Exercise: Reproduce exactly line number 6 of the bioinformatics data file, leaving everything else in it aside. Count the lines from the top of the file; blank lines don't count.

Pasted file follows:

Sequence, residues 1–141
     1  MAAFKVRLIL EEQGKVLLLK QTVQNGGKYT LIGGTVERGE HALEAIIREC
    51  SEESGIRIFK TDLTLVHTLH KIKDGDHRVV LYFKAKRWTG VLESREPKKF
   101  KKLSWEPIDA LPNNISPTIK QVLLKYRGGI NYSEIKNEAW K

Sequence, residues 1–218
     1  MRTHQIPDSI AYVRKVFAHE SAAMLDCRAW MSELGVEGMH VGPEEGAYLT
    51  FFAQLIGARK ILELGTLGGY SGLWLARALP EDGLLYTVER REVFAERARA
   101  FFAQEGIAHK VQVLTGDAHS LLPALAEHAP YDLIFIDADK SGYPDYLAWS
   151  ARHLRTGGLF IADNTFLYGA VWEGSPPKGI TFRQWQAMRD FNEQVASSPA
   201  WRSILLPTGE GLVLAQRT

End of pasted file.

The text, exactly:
     1  MRTHQIPDSI AYVRKVFAHE SAAMLDCRAW MSELGVEGMH VGPEEGAYLT